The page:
Sandlapper Slept Here. . . .

Richland Street Bed & Breakfast,
Columbia


by Dan Harmon

EDITOR'S NOTE: "Sandlapper Slept Here" is a column that appears in each issue of Sandlapper Magazine, featuring bed-and-breakfasts and historic inns throughout the Palmetto State. Here's an example. If you find it interesting, you may want to peruse our back issue listings for information about previous columns.


I knew this was going to be good when Naomi Perryman led me to the refreshment table for a choice of juice and a plateful of her warm oatmeal/chocolate chip cookies. You can gauge the quality of a B&B by the quality of the hostess' cookies, I've learned. Sure enough, Richland Street is top flight.

The unique thing about the home of Naomi and Jim Perryman is that although it looks similar to other homes around Columbia's historic district, some of which are more than a century old, this one was built in 1992. The Perrymans intended for it to be a bed-and-breakfast, and they came up with the perfect design.

"We've been long-time bed-and-breakfast stayers ourselves," Naomi says. "We talked about doing this when we retired - then decided to do it a little bit earlier."

The house design, she assesses, is "sort of eclectic." Naomi did her own interior design after she and Jim had drawn up the basic house plan. It's a blend of the antiquated and the modern. You'll find some antiques, but the Perrymans also selected modern furniture because, frankly, it's more comfortable and less intimidating to guests. And despite the air of historic elegance in each guest room, you'll find that one of them has a handicap-accessible sink and roll-in shower.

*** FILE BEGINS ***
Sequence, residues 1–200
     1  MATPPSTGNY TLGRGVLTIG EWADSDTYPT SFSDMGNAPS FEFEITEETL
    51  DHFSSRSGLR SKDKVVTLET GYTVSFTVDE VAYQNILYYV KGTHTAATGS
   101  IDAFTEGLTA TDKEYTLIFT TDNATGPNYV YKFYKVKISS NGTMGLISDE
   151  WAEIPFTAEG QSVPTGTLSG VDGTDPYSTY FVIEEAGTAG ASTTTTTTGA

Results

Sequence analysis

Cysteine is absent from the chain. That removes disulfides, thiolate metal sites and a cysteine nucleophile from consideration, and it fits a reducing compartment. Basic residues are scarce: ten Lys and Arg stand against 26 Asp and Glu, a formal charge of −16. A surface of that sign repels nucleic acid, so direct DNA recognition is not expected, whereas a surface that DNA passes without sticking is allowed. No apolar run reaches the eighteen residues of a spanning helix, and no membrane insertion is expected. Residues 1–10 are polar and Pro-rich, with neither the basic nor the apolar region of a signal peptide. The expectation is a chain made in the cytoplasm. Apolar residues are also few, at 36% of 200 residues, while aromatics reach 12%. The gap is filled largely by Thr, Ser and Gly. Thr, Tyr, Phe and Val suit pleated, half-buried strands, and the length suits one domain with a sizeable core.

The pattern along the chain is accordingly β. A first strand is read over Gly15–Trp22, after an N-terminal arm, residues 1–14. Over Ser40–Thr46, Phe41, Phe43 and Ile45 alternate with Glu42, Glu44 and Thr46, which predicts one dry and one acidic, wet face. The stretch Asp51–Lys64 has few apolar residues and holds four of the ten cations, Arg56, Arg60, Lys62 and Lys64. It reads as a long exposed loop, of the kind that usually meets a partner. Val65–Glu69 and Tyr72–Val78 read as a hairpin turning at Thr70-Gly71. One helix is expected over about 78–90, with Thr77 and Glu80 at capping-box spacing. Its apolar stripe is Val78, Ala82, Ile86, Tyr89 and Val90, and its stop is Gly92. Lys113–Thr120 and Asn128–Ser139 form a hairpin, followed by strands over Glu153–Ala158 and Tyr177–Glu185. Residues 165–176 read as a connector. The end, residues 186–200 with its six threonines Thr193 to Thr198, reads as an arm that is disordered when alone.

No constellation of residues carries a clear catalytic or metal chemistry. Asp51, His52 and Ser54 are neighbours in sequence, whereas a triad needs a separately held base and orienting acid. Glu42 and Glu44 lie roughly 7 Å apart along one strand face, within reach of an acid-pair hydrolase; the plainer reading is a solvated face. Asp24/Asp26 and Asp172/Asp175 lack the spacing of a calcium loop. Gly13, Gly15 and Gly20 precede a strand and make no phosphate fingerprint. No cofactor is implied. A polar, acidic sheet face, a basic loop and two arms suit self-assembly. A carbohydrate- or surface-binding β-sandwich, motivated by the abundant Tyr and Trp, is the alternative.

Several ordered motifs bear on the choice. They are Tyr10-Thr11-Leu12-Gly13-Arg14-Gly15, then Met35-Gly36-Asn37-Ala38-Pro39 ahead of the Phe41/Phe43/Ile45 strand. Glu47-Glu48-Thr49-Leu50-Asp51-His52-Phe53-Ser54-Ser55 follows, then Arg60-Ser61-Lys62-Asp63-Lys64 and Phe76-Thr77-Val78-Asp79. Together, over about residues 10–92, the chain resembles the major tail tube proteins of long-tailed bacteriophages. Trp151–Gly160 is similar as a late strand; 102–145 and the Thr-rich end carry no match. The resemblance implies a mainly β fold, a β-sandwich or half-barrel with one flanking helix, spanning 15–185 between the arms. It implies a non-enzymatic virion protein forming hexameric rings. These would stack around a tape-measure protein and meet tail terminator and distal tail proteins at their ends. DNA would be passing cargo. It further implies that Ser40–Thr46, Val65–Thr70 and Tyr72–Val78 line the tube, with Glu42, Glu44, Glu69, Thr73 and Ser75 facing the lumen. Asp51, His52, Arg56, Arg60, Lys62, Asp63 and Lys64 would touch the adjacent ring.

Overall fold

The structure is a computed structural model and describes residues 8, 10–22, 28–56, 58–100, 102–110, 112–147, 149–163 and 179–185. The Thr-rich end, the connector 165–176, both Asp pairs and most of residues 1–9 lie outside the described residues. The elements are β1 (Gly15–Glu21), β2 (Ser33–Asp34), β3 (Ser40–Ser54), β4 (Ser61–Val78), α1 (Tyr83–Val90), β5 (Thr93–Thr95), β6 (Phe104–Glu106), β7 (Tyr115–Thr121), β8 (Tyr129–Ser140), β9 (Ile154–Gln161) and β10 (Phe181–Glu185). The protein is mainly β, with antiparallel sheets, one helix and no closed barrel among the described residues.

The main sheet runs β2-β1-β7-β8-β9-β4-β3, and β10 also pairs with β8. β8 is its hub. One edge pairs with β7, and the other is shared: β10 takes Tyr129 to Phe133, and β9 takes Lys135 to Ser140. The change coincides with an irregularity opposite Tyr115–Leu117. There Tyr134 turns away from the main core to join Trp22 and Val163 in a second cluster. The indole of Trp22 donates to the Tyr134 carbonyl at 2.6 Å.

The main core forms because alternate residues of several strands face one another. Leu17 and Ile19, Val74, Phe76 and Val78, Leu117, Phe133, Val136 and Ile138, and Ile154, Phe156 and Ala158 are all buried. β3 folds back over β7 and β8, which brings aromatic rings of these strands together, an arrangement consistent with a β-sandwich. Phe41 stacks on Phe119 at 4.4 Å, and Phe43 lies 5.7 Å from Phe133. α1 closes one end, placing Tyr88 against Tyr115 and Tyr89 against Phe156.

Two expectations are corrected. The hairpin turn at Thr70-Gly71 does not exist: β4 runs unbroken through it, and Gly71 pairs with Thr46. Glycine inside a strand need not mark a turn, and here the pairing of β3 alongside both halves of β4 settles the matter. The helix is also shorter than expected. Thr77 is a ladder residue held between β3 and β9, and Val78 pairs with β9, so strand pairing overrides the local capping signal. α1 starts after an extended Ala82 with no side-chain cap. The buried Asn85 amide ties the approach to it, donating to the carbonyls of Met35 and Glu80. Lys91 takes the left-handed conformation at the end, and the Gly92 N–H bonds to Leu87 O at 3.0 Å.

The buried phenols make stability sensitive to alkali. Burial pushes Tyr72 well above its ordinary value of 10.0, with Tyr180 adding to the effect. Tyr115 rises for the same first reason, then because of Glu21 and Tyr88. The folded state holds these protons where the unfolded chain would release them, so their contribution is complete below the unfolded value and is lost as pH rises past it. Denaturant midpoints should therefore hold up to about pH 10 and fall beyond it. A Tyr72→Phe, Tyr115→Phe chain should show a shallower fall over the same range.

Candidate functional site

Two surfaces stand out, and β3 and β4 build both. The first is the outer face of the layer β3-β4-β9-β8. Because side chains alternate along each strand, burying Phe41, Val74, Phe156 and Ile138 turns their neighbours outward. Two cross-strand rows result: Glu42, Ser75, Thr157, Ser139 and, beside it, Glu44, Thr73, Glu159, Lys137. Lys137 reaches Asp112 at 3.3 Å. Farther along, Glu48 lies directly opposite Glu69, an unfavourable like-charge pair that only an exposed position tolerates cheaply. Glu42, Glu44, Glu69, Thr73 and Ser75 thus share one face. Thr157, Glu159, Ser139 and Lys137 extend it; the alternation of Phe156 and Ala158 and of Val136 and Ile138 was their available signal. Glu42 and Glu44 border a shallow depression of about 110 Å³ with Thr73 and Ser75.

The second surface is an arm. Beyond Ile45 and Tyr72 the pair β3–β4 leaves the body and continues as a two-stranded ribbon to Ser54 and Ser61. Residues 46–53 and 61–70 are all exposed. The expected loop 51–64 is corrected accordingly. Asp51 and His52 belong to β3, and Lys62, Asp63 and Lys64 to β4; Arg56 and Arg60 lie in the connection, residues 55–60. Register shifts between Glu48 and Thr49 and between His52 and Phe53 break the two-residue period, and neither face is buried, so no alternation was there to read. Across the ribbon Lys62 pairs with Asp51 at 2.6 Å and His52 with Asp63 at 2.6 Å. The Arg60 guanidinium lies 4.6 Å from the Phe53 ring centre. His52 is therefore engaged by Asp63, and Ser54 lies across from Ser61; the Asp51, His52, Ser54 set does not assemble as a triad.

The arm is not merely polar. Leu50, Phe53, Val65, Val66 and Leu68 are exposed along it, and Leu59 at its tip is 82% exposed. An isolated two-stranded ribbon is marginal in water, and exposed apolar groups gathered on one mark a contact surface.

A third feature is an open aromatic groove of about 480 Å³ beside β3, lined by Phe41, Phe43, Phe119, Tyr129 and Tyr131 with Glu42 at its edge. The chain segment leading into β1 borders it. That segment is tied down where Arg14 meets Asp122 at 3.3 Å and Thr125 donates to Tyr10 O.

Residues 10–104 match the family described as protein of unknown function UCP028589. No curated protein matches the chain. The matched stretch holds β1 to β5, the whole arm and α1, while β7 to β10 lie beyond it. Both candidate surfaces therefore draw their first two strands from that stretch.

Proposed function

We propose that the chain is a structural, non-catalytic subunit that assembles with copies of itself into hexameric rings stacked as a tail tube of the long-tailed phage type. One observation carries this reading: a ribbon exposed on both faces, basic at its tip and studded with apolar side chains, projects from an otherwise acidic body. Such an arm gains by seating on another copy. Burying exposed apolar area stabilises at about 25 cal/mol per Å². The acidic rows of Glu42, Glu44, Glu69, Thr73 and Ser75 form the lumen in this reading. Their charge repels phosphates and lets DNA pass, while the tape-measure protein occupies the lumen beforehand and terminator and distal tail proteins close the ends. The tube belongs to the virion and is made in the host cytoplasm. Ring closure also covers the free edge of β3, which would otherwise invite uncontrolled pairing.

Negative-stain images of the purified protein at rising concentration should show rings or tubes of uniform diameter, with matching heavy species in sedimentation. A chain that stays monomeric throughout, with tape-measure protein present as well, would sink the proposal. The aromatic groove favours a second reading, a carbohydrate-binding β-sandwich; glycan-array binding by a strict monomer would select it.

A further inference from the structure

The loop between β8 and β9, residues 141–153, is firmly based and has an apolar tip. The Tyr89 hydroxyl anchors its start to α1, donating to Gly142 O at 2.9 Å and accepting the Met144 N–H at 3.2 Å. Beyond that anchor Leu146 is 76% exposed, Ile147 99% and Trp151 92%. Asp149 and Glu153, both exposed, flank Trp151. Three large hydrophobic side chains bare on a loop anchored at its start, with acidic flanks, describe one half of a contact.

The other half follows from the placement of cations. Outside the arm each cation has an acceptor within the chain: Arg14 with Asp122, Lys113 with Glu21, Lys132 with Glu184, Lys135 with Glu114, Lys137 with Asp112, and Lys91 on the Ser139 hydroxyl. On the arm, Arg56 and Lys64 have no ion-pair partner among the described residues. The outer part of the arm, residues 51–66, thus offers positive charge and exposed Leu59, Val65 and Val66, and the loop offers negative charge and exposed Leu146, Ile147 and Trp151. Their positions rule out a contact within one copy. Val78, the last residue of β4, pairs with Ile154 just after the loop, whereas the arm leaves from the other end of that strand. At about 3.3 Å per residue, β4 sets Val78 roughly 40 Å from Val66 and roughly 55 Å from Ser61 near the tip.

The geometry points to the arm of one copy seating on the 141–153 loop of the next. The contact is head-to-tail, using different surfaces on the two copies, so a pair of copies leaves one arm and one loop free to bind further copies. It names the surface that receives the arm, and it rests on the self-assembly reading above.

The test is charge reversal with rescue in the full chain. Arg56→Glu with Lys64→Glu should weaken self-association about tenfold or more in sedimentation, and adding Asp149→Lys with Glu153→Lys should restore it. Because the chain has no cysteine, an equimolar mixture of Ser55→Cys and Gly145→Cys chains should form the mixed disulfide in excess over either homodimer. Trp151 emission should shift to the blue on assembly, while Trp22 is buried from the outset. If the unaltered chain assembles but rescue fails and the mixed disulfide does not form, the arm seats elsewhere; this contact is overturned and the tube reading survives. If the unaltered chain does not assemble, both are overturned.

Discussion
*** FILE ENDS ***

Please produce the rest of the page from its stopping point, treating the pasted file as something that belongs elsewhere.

Downstairs, the foyer opens into a huge dining/unwinding area for guests, complete with a wide-screen cable TV, books and games. After socializing a spell and enjoying perhaps one too many cookies, guests can do the town. Fine dining is within strolling distance, and brochures direct you on a self-guided walking tour of more than 30 historic sites; the Mann-Simons Cottage is just down the street. Naomi provides keys to your room and to the front and back doors, so you can come and go at your leisure.

They were busy as soon as they opened, four years ago, and it hasn't let up. They sometimes have a waiting list of business travelers, and they've welcomed as many as five bridal couples on a single Saturday evening. Guests have come from across the US, Europe and Hong Kong and have included other B&B owners from California and Florida.

"People from overseas have different lifestyles," Naomi says of her guests. "We find that particularly interesting. Of course, if people were all the same, it would be monotonous."

The guest rooms feature elegant molding and borders and are named for modern South Carolina governors. Each is quite different. Bedding is either king- or queen-size; one room has double queens. Room amenities range from TVs to turn-down service to courtesy bathrobes. I was impressed by the absence of street noise despite the location, and the owners' complete success in insulating the guest quarters from streetlight glare.

Breakfast is billed as heavy continental, and it's ample for most anyone's appetite. Typical fare includes sausage patties, waffles, fruit, coffee and juice.

Naomi grew up near Clemson, John in Gastonia, NC. They came to Columbia from Anderson when John, a state psychologist, was transferred.

Naomi has precious little time these days to engage in her interior design profession. They took exactly two days off in one two-year period. Happily, they're used to long work schedules, and they plan to be here a long time. (They've already declined one offer to buy the business.)

"This has ended up being full-time plus," Naomi says. "But it's a lot of fun - very demanding, though."

Richland Street Bed & Breakfast (1425 Richland St., Columbia, SC 29202; (803) 779-7001) has seven guest rooms, each with private baths, $79&endash;120. No smoking inside. No children under 12. No pets.


Click here to return to the main B&B page.

Comments? Click here to send us an e-mail note.

Click here to return to the Sandlapper Magazine main page.